|precedence. Thus to suggest that an animal's right to life is on the
|same level of importance as a human's need for sustenance is a denial of
|the Torah's having made them subservient to us. Whether we are obliged
|to eat meat is a quite different matter but, if it is necessary for our
|well-being, then there can be no room for super-piety.

I don't think any of the vegetarians I know place "animals on the same
level of importance as human beings".  If eating meat were essential for
human sustenance, they would eat meat.  But a person in our society can
get along quite well without eating meat, and in fact a vegetarian diet
can be healthier than a meat-eating diet.  So it's not really a conflict
between animal needs and human needs, but rather a conflict between the
most basic animal need (life) and a non-essential, perhaps not even
healthy, human craving.  In this situation I don't think it's so
unreasonable to take the position that killing animals for food, just
like killing animals for entertainment, constitutes causing them
unnecessary suffering.

There is, of course, a well-publicised "lunatic fringe" of animal-rights
activists that do put animal life on the same level as human life.  You
could perhaps call those people neo-pagans.  But I don't think it's fair
to put the average vegetarian in the same category with them.

Robert Israel                                <israel@...>
Department of Mathematics        http://www.math.ubc.ca/~israel
University of British Columbia
Vancouver, BC, Canada V6T 1Z2

From: Fred Dweck <fredd@...>
Date: Fri, 27 Aug 2004 14:19:47 -0700
Subject: Vegetarianism

Martin Stern wrote:
> 4. The person believes that killing animals for human consumption is
> wrong i.e. we have no right to put our diet above the right to life of
> other sentient beings.

King Slomon A"H in Mishle writes:
"A righteous man regards the soul of his beast; but the mercy of the
wicked is cruel:" (Proverbs 12:10)

Most regard the writings of King Solomon A"H as having deep secret
meanings. This passage is understood by Kabbalah to mean that a
righteous man understands the need for Tikkun (repair) by slaughtering
the animal and eating the meat (with berachot and Kavanah) whereas the
wicked (in this case those who have no knowledge of the secrets of the
Torah) who think they are having mercy on the animal, are really being
cruel by not bringing about the Tikkun accomplished by the slaughtering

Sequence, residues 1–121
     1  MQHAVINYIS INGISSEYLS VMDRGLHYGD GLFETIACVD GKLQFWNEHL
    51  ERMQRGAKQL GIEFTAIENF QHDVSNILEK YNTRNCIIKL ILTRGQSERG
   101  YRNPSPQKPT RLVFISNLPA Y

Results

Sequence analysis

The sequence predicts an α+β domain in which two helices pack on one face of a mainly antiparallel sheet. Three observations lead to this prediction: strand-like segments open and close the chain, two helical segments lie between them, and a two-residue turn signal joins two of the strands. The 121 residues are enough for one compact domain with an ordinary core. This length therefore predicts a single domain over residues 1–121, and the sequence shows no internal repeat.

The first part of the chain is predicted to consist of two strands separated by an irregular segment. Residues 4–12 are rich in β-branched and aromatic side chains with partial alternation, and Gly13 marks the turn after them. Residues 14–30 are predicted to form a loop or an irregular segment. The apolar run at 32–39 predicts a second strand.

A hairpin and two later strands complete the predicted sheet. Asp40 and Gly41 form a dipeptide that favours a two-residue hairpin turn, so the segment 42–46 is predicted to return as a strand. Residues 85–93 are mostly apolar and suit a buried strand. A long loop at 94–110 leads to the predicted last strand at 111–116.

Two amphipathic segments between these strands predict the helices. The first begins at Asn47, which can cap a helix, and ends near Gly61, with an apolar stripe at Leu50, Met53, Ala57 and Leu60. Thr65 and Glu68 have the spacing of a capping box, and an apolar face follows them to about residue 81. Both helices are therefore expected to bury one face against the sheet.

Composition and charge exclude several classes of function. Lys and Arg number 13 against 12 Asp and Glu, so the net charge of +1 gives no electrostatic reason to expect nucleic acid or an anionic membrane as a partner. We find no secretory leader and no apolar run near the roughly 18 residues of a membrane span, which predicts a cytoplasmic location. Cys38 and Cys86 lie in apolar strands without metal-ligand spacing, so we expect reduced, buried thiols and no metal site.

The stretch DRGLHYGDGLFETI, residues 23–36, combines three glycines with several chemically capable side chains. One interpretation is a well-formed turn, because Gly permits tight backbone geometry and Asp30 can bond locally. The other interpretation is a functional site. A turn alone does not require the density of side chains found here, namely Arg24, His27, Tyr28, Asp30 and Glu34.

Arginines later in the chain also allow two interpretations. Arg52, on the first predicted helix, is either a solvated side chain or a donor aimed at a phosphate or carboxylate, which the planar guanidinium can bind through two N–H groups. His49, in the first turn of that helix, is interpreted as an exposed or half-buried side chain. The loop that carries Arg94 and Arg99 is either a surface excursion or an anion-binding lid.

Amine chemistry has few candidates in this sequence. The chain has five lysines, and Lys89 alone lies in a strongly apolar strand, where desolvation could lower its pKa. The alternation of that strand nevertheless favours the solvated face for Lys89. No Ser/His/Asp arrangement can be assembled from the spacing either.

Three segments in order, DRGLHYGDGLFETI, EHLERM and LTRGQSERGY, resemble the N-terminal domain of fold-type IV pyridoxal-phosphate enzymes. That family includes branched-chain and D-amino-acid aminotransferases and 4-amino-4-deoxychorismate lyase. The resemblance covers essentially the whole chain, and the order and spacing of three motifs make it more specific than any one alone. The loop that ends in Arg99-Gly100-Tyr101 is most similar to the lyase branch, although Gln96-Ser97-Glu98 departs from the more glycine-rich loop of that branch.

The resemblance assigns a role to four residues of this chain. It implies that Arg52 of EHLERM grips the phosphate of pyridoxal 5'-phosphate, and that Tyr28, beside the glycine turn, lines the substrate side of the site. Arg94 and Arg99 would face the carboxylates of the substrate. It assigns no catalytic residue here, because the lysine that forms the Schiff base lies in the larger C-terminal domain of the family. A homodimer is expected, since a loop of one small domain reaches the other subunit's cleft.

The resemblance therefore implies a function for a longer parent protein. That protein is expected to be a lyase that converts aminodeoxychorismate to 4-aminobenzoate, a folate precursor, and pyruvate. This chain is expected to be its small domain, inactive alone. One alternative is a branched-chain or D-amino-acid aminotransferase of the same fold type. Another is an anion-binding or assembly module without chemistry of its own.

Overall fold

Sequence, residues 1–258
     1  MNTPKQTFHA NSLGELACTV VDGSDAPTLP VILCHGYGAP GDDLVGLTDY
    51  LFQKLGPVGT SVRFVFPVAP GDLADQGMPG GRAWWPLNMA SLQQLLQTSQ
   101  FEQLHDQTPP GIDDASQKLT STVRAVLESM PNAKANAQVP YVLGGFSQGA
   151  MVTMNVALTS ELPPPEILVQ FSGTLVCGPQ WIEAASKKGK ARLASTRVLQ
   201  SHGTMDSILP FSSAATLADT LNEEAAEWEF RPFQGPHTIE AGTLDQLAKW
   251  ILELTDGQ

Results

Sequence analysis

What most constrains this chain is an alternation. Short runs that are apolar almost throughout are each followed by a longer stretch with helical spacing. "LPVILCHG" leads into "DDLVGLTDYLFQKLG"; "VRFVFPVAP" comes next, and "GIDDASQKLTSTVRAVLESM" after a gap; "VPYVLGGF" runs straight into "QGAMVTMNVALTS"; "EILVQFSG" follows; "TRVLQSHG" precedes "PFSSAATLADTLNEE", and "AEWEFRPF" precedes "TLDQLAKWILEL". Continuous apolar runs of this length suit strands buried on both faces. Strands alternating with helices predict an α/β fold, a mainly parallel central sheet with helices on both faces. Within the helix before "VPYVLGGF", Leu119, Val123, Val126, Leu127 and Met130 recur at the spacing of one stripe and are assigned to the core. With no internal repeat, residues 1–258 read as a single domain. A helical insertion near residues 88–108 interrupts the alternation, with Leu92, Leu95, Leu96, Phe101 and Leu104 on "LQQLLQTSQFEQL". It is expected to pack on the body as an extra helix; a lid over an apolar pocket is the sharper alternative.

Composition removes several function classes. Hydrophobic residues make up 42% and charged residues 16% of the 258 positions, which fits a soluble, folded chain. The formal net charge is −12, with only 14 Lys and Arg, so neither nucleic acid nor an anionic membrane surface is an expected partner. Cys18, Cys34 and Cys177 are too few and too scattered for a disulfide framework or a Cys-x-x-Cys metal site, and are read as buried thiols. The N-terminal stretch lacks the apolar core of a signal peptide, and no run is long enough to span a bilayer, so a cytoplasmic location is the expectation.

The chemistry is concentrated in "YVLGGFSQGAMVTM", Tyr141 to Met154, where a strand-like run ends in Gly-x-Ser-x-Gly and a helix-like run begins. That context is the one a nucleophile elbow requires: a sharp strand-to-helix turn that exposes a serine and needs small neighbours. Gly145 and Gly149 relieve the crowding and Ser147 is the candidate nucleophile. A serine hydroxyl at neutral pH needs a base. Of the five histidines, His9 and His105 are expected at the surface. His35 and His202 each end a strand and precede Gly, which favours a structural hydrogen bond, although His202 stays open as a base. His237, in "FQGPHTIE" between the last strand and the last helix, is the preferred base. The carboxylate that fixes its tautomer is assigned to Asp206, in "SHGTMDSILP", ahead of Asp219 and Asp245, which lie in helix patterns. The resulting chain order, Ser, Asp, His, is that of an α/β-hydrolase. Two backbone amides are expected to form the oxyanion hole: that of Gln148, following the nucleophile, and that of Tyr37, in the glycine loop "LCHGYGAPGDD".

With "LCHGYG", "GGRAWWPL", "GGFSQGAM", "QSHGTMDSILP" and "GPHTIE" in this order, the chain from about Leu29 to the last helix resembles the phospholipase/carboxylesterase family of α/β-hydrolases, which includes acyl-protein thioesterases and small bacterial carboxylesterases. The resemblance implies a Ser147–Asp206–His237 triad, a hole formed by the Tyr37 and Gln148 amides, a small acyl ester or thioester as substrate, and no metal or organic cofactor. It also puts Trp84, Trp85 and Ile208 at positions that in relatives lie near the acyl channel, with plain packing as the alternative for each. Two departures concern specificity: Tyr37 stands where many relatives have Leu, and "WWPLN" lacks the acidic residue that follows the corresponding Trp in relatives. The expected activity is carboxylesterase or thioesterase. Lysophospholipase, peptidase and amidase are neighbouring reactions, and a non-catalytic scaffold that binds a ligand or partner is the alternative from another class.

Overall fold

and eating.  This is why the Torah allowed eating of meat, and the
Rabbis required the eating of meat on Shabbat and Yom Tob.

If we look carefully, we will see that the eating of meat was only
permitted after the sin of Adam and Eve. That's because after the "sin"
the worlds fell and thereby required Tikkun. So Hashem then permitted
the eating of meat, in order to raise up the "fallen sparks" and bring
about the rectification of the worlds. So in that case, the mercy of
those "well meaning" people ends up to be cruelty, by not allowing the
Tikkun of the animal's soul, and not allowing the raising up of the
sparks of holiness which fell.

Fred E. Dweck


From: Akiva Miller <kennethgmiller@...>
Date: Fri, 27 Aug 2004 13:22:11 GMT
Subject: re: Yuhara

Joel Rich questioned <<< So the first people who do it constitutes
yuhara but when enough people join them it's not? >>>

I totally agree that it is disturbing to consider that two people did
the exact same action, and we're saying that one acted improperly and
the other acted acceptably, and the only difference is when the action

But the truth is that the exact date when the action occurred is NOT the
only difference between the two cases. Because in the interim between
the two actions, the society around them changed.

We find this principle in any area of halacha which depends on the local
custom, which by definition will develop over time. For example, I think
that it safe to say that when the first women of a community began to
wear slacks, it was a violation of "wearing men's clothes", but when
enough women of that community joined them, the new ones were *not* in
violation of "wearing men's clothes" (at least according to the poskim
who hold that way).

Of course, the logic works just as well in the other direction, when an
action begins to be shunned by a community. For example, as long as only
a few people were avoiding kitniyos, the people who kept on eating it
did absolutely nothing wrong. But at some point, the number of
abstainers grew to a level where it became a community minhag, and from
there onwards, the ones who ate kitniyos *were* doing something wrong.

Akiva Miller


End of Volume 44 Issue 55